Friday, May 28, 2021


I just finished listening to David Sedaris’s book The Best of Me on Audible and at the end, there is a bonus interview. Out came the predictable questions, “What advice to you have for young writers?” and the answer often given, be it William Stafford, Anne Lamont or David Sedaris—“Write!” And then the amazement that ambitious authors seem surprised by that advice. 


And the same advice goes for aspiring musician (Play!), athletes (Train!), cooks (Cook!) and so on. And back to writers: Write every day, best at the same time and in the same place in some disciplined routine. Write when you don’t feel like it. Write when the bills are piling up (and pay them after). Write when you have absolutely nothing to say. Just pick up the pen or put your fingers on the keyboard and begin. Let it take you where it will, don’t judge, don’t aim for perfection (Anne Lamont’s reminder to write lots of shitty first drafts), don’t worry if the recycling bin is overflowing with crumpled up paper. (Though that probably doesn’t happen anymore, grabbing the sheet from the typewriter and littering the floor. Most likely, you simply don’t print it and neatly zip it to your electronic trash. Like not being able to slam down the phone in anger with the advent of cell phones, contemporary writers are missing an outlet for their frustration!) In short, simply write.


Then there’s all the next steps. Like “Re-write!” The composer Schoenberg once famously said that his most important tool was an eraser. Again, no satisfying rubbing out and sweeping the shavings off the paper, simply highlight and delete, but really, unlikely that any writers would actually complain about the mechanical ease of re-writing on the screen. But at some point, I find it useful to print and read with paper in hand and cross out or scribble in the margins before returning to the screen. Just yesterday, I brought a new book to Kinko’s for the double-sided copying and binding and that’s the moment when things really begin to feel real.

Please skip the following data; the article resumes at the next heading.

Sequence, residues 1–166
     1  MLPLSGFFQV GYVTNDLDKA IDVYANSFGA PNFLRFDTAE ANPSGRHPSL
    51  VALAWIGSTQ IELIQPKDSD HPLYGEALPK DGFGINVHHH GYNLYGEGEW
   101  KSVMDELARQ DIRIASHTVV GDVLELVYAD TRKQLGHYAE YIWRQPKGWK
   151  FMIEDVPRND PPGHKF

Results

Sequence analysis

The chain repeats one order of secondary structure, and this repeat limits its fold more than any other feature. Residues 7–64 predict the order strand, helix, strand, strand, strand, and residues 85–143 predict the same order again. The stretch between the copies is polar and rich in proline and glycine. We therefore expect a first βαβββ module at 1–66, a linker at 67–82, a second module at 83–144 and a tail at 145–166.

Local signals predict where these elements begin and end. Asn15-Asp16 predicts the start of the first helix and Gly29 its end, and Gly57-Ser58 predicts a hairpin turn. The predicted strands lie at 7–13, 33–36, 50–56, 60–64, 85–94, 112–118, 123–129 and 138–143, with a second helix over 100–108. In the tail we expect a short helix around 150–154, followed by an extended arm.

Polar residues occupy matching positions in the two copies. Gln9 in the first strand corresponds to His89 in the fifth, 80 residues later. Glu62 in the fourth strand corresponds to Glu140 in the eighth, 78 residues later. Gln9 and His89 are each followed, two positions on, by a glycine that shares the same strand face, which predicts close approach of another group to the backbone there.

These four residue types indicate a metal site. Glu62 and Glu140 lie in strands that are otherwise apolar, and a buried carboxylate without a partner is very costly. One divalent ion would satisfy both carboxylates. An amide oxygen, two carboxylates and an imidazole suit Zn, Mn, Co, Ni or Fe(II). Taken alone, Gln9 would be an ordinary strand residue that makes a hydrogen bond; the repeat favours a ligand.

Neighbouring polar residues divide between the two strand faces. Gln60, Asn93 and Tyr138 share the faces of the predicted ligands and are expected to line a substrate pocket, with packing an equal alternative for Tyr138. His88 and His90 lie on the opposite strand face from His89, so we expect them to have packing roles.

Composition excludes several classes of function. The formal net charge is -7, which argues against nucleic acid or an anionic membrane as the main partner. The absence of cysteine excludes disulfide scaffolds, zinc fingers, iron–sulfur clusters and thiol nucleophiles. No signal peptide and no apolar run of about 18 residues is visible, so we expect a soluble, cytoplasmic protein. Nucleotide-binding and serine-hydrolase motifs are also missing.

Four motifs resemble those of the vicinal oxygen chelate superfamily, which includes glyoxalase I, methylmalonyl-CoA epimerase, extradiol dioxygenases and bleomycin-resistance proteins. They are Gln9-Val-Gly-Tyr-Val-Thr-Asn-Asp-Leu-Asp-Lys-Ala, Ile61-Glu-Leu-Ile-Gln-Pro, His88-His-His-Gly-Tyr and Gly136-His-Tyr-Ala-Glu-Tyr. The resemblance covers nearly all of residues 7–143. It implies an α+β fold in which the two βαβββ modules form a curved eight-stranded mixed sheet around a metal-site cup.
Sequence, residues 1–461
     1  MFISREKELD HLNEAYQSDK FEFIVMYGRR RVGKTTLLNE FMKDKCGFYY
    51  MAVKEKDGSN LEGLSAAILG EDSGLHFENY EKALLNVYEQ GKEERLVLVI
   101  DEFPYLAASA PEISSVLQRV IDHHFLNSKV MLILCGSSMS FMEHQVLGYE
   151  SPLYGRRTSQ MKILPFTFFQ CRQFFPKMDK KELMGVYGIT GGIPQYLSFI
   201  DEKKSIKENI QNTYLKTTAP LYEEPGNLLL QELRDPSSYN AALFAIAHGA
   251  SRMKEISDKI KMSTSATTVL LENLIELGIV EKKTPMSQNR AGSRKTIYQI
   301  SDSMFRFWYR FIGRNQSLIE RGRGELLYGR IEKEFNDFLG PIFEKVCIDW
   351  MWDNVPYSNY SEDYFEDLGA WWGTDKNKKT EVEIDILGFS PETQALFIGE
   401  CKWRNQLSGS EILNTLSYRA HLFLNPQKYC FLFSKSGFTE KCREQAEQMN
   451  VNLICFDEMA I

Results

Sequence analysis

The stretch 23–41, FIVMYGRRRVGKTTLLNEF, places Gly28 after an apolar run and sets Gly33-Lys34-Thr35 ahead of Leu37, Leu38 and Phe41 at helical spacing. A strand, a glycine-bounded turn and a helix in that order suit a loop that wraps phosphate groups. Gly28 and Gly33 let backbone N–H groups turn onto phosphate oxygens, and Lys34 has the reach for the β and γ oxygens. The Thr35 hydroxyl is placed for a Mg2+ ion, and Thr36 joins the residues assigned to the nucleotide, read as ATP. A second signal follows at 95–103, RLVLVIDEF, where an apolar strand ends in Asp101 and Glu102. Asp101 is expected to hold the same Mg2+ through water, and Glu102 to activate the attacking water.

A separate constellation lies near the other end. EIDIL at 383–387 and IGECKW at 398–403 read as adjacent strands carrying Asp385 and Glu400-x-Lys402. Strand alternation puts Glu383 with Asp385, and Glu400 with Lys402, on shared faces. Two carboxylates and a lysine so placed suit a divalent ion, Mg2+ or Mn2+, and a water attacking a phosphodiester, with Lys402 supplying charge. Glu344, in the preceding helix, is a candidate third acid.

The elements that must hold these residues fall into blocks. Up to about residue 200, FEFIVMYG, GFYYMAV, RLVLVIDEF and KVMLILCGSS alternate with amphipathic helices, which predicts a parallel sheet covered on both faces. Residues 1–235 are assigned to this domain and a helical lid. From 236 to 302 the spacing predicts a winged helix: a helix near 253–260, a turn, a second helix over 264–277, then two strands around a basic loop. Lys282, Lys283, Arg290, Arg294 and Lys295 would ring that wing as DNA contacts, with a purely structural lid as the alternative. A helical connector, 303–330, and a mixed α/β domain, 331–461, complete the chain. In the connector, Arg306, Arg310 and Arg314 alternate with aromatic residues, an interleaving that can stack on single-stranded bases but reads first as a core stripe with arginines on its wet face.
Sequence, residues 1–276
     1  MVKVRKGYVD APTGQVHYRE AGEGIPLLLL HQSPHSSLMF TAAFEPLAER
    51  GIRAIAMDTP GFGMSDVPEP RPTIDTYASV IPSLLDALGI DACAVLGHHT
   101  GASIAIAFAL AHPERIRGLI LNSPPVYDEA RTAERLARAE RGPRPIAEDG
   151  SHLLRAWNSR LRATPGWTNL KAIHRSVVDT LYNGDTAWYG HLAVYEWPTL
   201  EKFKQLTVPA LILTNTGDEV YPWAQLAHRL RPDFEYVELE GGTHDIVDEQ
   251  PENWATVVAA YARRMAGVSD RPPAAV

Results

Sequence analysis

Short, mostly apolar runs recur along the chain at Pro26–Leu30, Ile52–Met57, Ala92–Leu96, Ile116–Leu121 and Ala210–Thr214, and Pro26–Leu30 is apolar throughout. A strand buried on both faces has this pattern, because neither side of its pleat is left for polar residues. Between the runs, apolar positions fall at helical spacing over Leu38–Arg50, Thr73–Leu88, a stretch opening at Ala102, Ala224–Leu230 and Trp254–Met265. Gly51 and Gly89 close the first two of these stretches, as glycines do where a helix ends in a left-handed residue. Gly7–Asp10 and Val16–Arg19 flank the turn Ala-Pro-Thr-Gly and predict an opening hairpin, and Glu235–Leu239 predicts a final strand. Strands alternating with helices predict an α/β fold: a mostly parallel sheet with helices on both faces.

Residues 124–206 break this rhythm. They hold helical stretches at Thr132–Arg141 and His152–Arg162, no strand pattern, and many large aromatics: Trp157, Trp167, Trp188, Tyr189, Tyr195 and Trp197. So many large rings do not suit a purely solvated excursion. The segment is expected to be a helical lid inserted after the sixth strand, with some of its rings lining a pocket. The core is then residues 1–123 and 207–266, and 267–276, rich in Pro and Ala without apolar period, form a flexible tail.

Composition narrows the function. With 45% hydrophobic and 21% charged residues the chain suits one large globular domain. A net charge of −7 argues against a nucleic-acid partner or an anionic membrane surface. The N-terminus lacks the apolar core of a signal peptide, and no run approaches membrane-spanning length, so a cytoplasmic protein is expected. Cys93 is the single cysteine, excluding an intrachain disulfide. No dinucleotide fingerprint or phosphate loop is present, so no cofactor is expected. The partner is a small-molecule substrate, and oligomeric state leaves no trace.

And I would add. “Read!” And “Re-read!” Then let it simmer a while, leave it alone, come back to it and  “Re-read yet again!” Then consider reading it out loud—important to hear the music of the sentences. Share it with a friend or a stranger—and watch when their eyes brighten or when they yawn. Imagine yourself as a friend or stranger hearing it for the first time—is it something you would want to read? That's a lot of work after the initial sitting down. If you don't have the patience for it, maybe you're not a writer after all. Mary Oliver once said, “It takes about 70 hours to drag a poem into the light.” 

A case in point. Usually when I sit down to write a blogpost, I already have ideas, thoughts, whole sentences churning in my head. But today I had nothing and thought it would be a good exercise to just start writing and see what came up. And lo and behold, it has turned out to be about what happens when you just sit down and start writing and see what comes up. 


Minus the 70 hours of re-writing, re-reading and re-writing again. 



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